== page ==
Purdue University has received a $1.35 million grant from the U.S. Air Force to establish a new facility to test aircraft engines and develop alternative fuels. The National Test Facility for Fuels and Propulsion–which is expected to open late this year or early next–will be located at Purdue Airport in the school’s Niswonger Aviation Technology Building. According to the project leaders, the test center will provide fuel-sustainability and emissions data as well as information for economic assessments.
“The aerospace industry now has an unprecedented interest in developing green aircraft using biofuels,” said David Stanley, an associate professor of aeronautical engineering technology at Purdue and one of the new facility’s principal investigators. “Testing will be conducted while fuels are being researched for development. This means input will be provided during the development phase, not after the fuel has been developed, which helps to ensure the best results possible.”
The facility will draw together university faculty from many disciplines–including agriculture, en-gineering, science and technology–to fulfill the goals set forth by the Air Force, governmental agencies and industry, including the National Air Transportation Association, which has called for 10 percent biofuel usage by 2017.
Ensuring Production Sustainability
The Purdue program will take a ground-up approach to biofuel production, starting with the growing of feedstock from which alternative fuels will be developed for engine tests with those fuels. “Approximately 17 billion gallons of turbine fuel are burned annually in the United States, and clearly a portion of this could be saved by blending alternative fuels,” said Stanley. “The U.S. Air Force intends to be able to operate its fleet on blends of these fuels.”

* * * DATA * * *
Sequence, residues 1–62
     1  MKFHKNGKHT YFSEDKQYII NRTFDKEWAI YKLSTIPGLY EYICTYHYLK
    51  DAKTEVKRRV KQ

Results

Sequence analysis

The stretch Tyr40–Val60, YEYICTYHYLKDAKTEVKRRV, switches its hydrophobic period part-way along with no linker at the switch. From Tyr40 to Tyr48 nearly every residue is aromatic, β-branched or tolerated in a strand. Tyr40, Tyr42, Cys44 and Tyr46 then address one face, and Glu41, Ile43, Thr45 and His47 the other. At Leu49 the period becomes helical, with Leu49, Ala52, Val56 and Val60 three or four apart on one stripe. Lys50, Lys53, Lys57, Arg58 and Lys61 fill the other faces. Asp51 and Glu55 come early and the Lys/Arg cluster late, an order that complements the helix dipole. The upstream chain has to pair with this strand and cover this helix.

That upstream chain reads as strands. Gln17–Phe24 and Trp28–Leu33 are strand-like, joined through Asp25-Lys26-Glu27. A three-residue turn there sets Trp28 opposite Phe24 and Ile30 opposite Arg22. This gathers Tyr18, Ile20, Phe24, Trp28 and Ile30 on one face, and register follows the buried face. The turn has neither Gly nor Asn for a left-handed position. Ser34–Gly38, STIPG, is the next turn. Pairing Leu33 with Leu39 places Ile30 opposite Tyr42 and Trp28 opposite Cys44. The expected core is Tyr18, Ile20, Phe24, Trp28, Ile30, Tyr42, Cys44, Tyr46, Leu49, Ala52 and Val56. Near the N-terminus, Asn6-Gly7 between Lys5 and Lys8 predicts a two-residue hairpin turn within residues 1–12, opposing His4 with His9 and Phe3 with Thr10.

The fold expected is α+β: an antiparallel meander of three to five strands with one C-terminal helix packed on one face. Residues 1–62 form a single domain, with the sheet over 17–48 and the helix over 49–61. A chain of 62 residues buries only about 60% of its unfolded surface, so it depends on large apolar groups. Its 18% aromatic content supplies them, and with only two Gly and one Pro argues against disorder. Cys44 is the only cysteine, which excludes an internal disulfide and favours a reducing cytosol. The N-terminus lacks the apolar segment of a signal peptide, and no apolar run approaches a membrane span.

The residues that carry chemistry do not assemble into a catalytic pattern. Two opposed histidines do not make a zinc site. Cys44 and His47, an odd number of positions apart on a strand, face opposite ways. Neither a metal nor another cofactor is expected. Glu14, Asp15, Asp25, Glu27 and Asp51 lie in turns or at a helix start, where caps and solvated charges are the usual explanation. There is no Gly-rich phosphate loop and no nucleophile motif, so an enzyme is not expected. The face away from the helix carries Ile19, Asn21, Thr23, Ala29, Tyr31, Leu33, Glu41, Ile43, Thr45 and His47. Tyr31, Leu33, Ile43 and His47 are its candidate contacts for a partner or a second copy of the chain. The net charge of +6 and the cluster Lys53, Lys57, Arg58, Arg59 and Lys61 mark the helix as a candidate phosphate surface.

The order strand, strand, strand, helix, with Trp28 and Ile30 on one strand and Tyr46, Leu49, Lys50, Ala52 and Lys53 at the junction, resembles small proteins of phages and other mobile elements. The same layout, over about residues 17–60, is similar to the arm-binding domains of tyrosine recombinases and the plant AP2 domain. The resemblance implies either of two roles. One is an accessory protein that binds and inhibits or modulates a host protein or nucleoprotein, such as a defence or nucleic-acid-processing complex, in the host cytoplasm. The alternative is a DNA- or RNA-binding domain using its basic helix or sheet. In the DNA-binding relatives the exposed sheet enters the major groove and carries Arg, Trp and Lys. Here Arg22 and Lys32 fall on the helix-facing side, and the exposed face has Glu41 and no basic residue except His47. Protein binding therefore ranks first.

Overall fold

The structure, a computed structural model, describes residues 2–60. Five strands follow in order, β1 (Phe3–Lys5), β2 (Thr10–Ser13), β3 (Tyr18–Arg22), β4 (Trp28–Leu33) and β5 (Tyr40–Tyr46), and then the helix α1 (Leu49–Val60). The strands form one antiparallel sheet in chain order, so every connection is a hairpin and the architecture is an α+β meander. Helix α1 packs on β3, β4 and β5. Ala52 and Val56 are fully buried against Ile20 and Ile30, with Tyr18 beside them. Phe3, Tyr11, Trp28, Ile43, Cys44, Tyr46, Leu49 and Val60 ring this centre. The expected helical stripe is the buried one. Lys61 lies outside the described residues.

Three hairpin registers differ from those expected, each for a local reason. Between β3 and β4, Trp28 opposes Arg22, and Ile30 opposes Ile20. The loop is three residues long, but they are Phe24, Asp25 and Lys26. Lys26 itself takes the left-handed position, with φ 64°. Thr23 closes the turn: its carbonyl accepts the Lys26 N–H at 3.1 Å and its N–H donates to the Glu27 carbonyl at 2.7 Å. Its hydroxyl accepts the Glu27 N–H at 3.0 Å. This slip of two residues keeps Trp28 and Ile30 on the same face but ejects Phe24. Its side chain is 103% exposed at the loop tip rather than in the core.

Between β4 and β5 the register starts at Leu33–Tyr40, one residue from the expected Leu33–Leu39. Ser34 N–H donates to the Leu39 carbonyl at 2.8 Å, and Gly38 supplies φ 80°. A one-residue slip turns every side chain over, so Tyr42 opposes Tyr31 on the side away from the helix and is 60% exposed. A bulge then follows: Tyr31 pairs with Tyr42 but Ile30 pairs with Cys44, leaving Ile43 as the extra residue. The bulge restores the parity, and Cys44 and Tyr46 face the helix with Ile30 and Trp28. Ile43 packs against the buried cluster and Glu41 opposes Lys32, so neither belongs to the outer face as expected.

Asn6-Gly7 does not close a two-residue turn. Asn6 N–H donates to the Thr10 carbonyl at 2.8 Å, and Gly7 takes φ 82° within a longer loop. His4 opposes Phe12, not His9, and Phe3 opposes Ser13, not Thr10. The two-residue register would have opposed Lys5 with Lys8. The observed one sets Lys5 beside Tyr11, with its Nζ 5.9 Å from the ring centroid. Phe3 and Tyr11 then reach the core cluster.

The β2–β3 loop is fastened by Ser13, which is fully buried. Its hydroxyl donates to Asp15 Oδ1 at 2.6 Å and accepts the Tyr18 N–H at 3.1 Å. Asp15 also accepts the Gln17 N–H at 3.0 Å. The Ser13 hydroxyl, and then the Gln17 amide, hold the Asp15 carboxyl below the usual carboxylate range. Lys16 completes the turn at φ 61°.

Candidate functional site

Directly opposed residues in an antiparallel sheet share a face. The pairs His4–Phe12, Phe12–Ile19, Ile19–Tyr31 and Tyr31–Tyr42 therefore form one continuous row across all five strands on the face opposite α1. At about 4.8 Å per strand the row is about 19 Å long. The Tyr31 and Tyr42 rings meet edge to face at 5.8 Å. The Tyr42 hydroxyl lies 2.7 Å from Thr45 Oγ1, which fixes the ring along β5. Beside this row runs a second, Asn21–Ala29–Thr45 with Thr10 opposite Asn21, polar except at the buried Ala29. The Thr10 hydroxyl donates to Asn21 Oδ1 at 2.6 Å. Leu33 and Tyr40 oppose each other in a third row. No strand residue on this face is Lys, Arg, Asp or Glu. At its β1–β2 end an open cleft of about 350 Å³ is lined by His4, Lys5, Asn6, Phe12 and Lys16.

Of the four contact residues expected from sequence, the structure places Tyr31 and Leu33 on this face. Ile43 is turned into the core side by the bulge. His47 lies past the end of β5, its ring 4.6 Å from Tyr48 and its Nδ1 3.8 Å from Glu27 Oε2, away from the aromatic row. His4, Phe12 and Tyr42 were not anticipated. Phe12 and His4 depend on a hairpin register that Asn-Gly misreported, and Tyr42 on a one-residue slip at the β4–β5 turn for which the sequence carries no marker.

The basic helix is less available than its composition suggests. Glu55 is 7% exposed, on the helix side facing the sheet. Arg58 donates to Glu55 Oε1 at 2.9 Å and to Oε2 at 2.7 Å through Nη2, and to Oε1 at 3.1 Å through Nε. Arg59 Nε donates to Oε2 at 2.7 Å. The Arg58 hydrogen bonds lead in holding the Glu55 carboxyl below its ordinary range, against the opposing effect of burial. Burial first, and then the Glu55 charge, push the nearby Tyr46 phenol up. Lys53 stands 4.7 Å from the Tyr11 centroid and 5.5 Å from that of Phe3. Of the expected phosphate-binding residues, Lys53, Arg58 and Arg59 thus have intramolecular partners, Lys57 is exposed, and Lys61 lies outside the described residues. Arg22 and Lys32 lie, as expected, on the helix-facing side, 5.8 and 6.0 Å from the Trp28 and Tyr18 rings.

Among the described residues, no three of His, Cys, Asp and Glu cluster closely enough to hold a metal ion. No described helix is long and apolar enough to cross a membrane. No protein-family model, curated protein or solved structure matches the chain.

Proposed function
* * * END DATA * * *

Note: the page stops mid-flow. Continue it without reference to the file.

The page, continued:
Sustainability of the mass production of alternative fuels is one of the key concerns with which the nascent bio-jet fuel industry will be grappling. Culminating three years of discussion, Switzerland’s Ecole Polytechnique Federal de Lausanne (EPFL)– which coordinated an international initiative known as the Roundtable on Sustainable Biofuels (RSB)–in November released its Principles of Sustainability and selected Santa Barbara, Calif.-based alternative fuel supply chain integrator BioJet as the first pilot company for the worldwide implementation of them. The principles outline the key environmental and social policies that, according to the RSB, must be upheld to sustain the large-scale production of biofuels. The 12 principles address issues such as land and labor use and water management.
BioJet, which was formed about a year ago and intends to capture as much as 6 percent of the alternative jet fuel market eventually, plans to involve itself in the entire biofuel process from the growing of the feedstock, through the refining, all the way to distribution to the end user.
As the pilot test subject, the company will thoroughly review its intended processes to make sure that everything meets these principles up and down the line. “That’s why they are interested in us,” BioJet CEO Mitch Hawkins told AIN. “We touch everybody in the entire chain of a biofuel all the way from beginning to end rather than just one specific type of business.”
While biofuels have shown practical use in flight tests, they have yet to receive ASTM certification, and there is currently no large-scale commercial production mechanism in place. BioJet and other alternative fuel producers believe that approval could come soon. “The principles of sustainability are going to show up on everybody’s radar screen sometime this year whether people want them or not,” said Hawkins. “The European Union is looking to adopt these as regulatory; it has not yet, but it is going in that direction. I believe that [in some countries] everybody down the [biofuel] chain is going to have to have a certificate of sustainability,” a document Hawkins believes will eventually be endorsed by auditing organizations set up to monitor compliance with the sustainability principles. “It isn’t just best practices; it appears to be something that is going to be put into place in enough developed countries that it forces everybody to do it,” he added.
BioJet expects to work closely with EPFL over the coming months to determine the components of the test program. “The principles of sustainability have now been decided upon,” said Hawkins. “This pilot project is really a preliminary [task] in biofuel implementation.”